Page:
Gas prices, food shocks, war, inflation add up to economic dangers, G-7 leaders warn – The Washington Post

by | May 21, 2022 | Financial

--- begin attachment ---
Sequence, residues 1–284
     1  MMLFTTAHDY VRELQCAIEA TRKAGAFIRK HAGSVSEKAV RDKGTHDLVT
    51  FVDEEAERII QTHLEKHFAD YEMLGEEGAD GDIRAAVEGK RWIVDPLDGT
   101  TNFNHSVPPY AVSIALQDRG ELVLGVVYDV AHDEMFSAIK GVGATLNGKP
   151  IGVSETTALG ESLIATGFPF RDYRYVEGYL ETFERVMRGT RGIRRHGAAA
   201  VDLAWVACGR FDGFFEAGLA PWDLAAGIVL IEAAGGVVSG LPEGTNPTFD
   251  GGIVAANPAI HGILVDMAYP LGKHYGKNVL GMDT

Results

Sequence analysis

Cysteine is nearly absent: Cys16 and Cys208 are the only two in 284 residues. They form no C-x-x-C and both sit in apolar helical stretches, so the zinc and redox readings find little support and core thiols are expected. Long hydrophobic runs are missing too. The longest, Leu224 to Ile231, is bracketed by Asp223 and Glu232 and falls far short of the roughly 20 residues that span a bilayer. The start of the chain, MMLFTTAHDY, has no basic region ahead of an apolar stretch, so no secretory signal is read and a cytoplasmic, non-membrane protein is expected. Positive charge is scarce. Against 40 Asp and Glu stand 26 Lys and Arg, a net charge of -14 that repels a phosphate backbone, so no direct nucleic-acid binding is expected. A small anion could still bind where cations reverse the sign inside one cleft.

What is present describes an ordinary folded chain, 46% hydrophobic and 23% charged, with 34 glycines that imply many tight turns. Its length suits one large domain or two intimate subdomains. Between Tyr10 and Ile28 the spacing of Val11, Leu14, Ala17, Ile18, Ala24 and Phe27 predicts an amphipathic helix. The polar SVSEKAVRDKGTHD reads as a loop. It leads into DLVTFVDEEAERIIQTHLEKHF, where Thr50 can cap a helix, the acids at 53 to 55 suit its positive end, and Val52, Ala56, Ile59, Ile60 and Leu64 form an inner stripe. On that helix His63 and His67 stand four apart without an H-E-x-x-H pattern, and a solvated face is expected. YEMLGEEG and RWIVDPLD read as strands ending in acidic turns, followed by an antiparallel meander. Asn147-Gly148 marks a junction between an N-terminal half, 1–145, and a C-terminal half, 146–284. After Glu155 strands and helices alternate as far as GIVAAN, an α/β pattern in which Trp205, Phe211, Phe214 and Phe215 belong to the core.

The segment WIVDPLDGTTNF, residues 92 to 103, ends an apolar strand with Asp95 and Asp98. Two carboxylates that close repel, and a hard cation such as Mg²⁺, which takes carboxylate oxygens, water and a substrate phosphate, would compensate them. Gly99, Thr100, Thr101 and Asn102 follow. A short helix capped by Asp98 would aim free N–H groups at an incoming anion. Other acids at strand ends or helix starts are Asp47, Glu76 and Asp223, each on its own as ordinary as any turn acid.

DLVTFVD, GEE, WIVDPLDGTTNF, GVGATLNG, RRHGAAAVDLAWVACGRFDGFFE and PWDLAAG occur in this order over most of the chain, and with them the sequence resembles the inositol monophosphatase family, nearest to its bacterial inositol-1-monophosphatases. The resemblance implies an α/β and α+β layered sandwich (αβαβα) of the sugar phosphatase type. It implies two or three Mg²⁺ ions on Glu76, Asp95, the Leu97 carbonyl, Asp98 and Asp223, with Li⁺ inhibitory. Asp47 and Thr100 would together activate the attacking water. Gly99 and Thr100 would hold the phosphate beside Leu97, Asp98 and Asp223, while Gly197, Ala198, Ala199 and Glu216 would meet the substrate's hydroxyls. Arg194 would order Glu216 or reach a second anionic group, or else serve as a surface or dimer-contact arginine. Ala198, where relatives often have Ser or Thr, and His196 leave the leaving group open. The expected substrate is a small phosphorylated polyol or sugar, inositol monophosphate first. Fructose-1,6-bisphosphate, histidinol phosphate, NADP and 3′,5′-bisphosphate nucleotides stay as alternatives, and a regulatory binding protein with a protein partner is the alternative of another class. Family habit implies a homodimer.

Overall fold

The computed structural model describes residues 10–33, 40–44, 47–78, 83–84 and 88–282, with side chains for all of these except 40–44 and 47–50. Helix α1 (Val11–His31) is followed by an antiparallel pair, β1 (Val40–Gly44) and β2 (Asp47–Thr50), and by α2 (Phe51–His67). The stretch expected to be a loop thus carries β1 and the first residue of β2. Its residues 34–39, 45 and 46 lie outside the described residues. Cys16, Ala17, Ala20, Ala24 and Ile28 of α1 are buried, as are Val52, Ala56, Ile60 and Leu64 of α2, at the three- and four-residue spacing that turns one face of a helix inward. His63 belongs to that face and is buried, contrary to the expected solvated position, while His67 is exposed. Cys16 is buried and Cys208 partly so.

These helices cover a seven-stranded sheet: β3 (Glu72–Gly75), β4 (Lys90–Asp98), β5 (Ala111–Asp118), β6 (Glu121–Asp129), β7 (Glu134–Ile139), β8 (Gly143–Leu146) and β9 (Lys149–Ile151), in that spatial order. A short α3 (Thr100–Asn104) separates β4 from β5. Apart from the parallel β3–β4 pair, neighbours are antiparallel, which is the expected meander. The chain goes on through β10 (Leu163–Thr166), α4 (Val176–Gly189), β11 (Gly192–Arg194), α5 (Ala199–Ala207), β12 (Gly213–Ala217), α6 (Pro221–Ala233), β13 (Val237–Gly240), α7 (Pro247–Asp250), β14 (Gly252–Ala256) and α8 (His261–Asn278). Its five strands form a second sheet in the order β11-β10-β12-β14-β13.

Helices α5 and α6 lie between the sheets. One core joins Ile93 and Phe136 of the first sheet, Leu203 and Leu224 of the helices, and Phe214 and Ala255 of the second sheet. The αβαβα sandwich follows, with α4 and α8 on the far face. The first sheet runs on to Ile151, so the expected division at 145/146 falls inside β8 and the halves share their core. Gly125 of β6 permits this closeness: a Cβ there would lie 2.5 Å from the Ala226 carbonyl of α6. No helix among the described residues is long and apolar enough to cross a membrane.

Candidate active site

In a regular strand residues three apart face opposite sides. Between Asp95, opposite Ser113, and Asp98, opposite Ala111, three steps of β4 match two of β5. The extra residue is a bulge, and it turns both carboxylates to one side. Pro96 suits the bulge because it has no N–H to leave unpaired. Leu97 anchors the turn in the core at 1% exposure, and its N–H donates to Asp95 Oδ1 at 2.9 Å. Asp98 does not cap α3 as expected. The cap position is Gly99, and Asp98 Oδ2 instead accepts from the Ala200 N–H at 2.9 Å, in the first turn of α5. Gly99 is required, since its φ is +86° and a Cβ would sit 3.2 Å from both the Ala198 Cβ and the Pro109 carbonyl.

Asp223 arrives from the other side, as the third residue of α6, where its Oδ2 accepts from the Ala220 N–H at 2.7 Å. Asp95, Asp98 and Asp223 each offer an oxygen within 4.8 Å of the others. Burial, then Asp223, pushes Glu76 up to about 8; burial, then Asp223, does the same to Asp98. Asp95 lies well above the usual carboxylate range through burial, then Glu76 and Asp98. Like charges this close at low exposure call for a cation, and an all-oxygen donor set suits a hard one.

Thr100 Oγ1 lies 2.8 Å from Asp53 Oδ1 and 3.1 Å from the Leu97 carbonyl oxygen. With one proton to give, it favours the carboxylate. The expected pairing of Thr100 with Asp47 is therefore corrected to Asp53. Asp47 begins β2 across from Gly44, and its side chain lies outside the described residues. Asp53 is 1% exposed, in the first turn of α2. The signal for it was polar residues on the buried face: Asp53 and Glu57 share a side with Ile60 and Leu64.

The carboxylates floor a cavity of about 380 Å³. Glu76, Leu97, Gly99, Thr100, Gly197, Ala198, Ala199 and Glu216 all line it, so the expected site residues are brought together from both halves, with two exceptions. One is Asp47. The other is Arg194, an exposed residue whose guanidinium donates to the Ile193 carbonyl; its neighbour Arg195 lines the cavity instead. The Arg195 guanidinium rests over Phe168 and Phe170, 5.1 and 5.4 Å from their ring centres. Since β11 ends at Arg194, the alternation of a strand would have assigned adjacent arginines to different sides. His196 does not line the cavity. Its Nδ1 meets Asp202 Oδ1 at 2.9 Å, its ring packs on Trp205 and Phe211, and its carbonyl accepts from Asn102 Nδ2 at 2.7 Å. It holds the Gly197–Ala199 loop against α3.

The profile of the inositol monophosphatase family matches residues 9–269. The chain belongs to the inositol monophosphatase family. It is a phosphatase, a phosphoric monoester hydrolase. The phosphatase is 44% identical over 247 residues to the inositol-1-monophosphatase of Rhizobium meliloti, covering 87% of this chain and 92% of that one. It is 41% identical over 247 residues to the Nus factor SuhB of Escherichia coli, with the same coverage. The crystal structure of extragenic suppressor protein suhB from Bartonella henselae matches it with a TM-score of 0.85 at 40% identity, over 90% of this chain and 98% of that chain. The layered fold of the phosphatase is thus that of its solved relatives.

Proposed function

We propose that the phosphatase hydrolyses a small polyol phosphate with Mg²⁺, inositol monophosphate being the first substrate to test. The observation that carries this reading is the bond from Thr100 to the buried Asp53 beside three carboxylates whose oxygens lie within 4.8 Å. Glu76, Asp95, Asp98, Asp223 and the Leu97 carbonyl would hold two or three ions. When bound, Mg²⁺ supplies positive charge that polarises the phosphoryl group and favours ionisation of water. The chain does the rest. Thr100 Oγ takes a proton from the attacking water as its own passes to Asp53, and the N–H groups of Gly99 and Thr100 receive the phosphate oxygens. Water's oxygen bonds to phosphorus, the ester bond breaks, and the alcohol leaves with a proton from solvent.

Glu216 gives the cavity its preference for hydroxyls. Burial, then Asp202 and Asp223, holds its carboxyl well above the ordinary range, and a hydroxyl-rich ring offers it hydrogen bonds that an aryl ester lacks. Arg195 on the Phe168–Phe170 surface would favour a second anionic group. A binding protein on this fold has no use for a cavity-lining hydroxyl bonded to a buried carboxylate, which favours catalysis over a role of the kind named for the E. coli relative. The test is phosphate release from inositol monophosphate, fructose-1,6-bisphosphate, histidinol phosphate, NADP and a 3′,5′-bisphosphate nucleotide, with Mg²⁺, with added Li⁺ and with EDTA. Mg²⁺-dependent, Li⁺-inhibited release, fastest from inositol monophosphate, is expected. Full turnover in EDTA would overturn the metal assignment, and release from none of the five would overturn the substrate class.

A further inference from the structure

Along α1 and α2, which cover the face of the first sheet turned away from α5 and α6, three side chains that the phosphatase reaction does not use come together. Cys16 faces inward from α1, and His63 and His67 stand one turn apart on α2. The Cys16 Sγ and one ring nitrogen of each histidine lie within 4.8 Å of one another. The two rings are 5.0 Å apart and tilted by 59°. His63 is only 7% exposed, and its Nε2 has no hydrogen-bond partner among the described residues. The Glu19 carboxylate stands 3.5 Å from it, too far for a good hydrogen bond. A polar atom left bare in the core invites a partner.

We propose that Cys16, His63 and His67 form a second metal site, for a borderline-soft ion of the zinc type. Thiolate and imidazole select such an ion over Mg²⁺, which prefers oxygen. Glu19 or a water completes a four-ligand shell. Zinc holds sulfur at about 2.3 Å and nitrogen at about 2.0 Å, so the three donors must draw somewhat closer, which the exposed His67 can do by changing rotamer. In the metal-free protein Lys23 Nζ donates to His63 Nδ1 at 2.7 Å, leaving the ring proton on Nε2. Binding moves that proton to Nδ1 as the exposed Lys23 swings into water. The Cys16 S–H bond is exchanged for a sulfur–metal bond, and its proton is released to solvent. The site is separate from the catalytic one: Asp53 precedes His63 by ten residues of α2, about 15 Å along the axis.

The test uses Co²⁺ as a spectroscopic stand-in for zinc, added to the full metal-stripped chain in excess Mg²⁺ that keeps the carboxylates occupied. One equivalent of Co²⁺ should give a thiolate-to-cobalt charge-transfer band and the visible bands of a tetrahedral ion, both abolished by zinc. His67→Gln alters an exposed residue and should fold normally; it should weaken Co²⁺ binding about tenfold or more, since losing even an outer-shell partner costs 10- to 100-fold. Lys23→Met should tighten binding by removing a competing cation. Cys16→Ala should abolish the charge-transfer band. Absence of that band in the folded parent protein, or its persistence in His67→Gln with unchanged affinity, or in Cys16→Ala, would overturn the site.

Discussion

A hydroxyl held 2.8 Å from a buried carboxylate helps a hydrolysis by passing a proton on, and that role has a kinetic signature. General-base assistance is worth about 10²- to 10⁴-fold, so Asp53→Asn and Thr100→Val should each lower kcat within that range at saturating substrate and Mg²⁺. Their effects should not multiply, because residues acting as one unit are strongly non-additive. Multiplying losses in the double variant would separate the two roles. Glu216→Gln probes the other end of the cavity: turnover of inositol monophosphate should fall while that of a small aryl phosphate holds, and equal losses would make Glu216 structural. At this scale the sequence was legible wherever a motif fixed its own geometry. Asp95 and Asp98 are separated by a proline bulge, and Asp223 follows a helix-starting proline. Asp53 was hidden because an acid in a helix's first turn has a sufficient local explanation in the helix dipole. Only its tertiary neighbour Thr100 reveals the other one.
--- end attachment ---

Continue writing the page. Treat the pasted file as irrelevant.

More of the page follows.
Placeholder while article actions loadBONN, Germany — The financial leaders of the world’s most powerful countries warned this week of the potential for a global economic slowdown, as the threats caused by Russia’s invasion of Ukraine continued to multiply.Globally, the war is sending energy and food prices soaring. In the United States, Britain and Europe, central banks determined to curb inflation are moving to hike interest rates, which risks pushing nations into recession. The developing world faces an emerging debt crisis on top of a growing hunger problem sparked by the war.In the United States, as in much of the rest of the world, gasoline prices surged and stock markets plunged, with the S&P 500 index nearing a bear market, closing the week down 18 percent off its early January peak after a late Friday rally. Large retailers, including Target and Walmart, have reported worse than expected earnings and profits this week, blaming higher costs and excess inventory that piled up in response to supply chain problems.Advertisement“If I had to sum it up: more uncertainty, more inflation, less growth,” François Villeroy de Galhau, the governor of the Bank of France, said of the impact of the war, at a conference here of finance minsters and central bankers from the powerful Group of Seven industrial nations.U.S. may be barreling toward recession in next year, more experts sayAfter approving trillions of dollars in fiscal stimulus to avert the downturn caused by the coronavirus pandemic, world economic leaders are now grappling with the threat of “stagflation” — slow, or negative, economic growth, coupled with rising inflation.The risks abroad may be even greater than in the United States, economists say. In Europe, the euro zone only grew by 0.2 percent in the first quarter of 2022, suggesting a potential slowdown. Some economies within Europe even shrank: Italy’s, for example, contracted slightly in the first quarter of this year.AdvertisementThe war poses a more serious economic threat to Europe than to the United States, particularly given the continent’s dependence on Russian energy, said Jason Furman, a former Obama administration economist. China’s efforts to contain the coronavirus also continue to rattle the global economy, with the latest data from Beijing showing a major decline in retail spending and a drop in gasoline output.Inflation is causing rising prices at the gas station and grocery store …

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